Wednesday is the 50th anniversary of Martin Luther King's "I have A Dream" Speech. He delivered it Aug. 28, 1963, on the steps of the Lincoln Memorial in Washington.
MLK's "I Have A Dream" Speech about equality and dignity for all mankind continues to this day to inspire Americans to dream of a better life for their children and future generations. The now famous speech was delivered in the heat of the civil rights movement of the 1950s and 1960s.
It was a "profound" speech, said Frankfort Mayor Jim Holland. On that stifling hot day when 200,000 people joined in the March on Washington, Holland was yet a high school student in Seattle, WA.
"I remember the news account of it. I remember hearing about it. I remember thinking what an effective speech it was." The news accounts of the day were divided pro and con, he said.
"As a young person, I remember it being a momentous occasion; that something profound was happening."
Pastor Dave Hedlin of New Lenox's Peace Lutheran Church, 1900 E. Lincoln Highway, reflected on King and the significance of his speech. "The first thing I would say is some people have a way of seeing the big picture. …The issues of the day were more than just racial.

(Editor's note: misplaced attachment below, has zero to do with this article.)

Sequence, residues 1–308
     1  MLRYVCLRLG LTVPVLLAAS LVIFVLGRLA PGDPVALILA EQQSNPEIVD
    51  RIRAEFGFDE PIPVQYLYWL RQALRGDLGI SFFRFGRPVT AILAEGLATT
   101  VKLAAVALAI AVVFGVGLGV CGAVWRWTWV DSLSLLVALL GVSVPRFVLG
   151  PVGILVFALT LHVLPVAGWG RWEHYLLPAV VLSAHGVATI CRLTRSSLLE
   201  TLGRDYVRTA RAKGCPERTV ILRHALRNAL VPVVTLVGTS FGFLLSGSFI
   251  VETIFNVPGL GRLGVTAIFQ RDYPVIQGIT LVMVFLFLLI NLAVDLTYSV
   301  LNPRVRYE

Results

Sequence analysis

"It's that we are all human beings and we have a stake in treating each other with kindness and respect that there's a level of dignity that we all deserve."
The "I Have A Dream" Speech ends with this statement:
And when this happens, when we allow freedom to ring, when we let it ring from every village and every hamlet, from every state and every city, we will be able to speed up that day when all of God's children, black men and white men, Jews and Gentiles, Protestants and Catholics, will be able to join hands and sing in the words of the old Negro spiritual, "Free at last! free at last! thank God Almighty, we are free at last!"
For the full text of the speech, visit U.S. Constitution Online.